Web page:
By Jim Lauria
Americans and Canadians got a peek into the future when the City of Toledo shut its drinking water taps in 2014, issuing a do-not-drink order on the municipal water supplies serving 500,000 people. Levels of microcystin, a potent liver toxin produced by blue-green algae, were more than double the World Health Organization's safe limit. More than 700 square miles of the Lake Erie surface was covered by a harmful algal bloom (HAB), and drinking water plants couldn't remove the algal cells and the toxins they produced.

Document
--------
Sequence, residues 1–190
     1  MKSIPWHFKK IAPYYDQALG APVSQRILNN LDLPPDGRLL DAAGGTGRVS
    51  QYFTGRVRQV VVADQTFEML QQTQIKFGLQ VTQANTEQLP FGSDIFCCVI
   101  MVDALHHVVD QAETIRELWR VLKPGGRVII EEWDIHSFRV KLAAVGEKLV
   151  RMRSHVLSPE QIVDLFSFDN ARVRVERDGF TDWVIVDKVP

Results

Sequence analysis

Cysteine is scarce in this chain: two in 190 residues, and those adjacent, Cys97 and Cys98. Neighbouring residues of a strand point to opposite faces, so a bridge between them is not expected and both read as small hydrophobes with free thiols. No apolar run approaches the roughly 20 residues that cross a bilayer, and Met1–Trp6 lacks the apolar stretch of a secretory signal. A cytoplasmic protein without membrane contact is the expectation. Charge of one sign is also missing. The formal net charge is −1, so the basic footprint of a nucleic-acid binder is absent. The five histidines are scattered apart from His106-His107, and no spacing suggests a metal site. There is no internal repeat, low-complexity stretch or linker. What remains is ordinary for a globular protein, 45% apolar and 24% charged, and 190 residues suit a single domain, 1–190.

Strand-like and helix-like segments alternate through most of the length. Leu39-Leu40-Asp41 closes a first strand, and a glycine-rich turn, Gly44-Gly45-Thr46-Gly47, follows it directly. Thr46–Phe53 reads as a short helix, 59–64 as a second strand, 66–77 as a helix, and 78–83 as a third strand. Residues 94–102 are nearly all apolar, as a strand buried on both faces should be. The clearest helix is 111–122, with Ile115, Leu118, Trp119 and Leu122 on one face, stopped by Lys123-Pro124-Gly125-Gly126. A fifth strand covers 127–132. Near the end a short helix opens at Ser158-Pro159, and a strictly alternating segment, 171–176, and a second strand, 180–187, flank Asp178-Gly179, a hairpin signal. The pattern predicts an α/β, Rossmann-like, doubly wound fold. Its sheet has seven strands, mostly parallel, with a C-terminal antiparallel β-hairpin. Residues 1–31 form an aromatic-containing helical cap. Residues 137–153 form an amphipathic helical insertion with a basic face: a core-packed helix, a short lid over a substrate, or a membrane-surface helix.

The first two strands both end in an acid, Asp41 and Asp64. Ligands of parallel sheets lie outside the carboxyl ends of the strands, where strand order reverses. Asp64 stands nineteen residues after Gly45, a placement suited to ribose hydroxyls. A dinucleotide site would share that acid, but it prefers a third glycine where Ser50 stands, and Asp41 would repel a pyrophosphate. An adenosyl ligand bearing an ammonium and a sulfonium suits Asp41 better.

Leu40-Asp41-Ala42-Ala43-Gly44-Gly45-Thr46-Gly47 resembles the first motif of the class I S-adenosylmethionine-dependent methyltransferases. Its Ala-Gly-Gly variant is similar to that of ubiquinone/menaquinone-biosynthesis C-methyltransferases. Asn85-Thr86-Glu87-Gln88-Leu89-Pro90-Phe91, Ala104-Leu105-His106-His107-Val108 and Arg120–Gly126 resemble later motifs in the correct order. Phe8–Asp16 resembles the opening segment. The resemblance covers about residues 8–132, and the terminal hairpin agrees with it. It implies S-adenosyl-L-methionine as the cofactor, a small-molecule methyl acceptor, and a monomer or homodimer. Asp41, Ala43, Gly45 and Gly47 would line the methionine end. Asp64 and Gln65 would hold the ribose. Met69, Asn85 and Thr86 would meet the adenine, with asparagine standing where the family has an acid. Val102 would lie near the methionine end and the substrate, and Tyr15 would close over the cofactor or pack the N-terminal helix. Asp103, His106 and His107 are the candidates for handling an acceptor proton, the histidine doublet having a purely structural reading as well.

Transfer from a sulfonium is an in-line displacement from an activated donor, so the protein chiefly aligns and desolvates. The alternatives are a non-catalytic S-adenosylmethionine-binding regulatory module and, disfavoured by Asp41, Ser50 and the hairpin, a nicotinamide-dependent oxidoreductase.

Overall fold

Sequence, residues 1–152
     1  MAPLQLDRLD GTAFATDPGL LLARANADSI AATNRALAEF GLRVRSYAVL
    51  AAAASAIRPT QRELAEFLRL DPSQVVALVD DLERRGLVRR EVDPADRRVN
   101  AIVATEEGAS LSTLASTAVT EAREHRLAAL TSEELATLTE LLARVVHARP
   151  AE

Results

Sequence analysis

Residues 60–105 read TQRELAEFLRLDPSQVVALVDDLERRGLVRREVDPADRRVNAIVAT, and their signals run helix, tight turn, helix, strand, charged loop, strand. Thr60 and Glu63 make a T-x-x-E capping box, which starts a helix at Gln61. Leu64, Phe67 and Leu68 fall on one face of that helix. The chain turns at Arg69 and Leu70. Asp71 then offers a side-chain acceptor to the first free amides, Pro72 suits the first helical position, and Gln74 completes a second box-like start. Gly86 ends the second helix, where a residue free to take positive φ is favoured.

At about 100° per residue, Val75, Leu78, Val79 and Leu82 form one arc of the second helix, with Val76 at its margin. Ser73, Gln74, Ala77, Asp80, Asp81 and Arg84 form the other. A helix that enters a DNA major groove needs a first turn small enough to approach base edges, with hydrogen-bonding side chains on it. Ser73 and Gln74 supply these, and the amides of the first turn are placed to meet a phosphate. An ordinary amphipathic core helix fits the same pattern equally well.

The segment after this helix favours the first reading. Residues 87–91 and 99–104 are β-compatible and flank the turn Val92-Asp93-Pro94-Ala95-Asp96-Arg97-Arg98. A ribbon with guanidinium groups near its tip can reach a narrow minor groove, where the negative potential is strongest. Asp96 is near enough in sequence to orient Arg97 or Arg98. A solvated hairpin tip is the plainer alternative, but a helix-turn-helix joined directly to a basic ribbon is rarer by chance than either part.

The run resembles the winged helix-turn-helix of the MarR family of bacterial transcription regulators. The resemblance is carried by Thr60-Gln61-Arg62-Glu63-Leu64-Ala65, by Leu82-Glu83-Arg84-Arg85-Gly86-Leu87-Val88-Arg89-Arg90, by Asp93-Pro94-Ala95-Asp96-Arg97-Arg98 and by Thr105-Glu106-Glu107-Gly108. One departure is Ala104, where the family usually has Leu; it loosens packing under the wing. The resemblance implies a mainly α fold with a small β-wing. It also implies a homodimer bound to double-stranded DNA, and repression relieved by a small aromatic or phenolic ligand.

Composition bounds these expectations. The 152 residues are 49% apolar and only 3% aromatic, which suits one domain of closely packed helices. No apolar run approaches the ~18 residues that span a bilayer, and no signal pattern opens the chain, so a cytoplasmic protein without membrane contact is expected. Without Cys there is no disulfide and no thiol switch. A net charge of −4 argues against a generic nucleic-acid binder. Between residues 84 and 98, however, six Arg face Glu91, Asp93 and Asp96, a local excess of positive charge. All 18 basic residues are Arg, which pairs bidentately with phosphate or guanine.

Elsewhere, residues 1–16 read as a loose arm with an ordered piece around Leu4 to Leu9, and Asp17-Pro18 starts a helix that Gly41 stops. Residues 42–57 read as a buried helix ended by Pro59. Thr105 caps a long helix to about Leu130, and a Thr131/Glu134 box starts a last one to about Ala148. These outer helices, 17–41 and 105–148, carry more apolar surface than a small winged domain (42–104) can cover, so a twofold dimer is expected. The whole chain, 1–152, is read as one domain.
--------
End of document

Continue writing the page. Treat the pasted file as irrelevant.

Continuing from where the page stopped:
That's awful. What's worse is that Toledo's experience is likely to become more common worldwide in the years to come. From the current red tides along the southwest Florida coast to massive blooms that have become common from the Baltic to the Persian Gulf and the South China Sea, HABs occur frequently.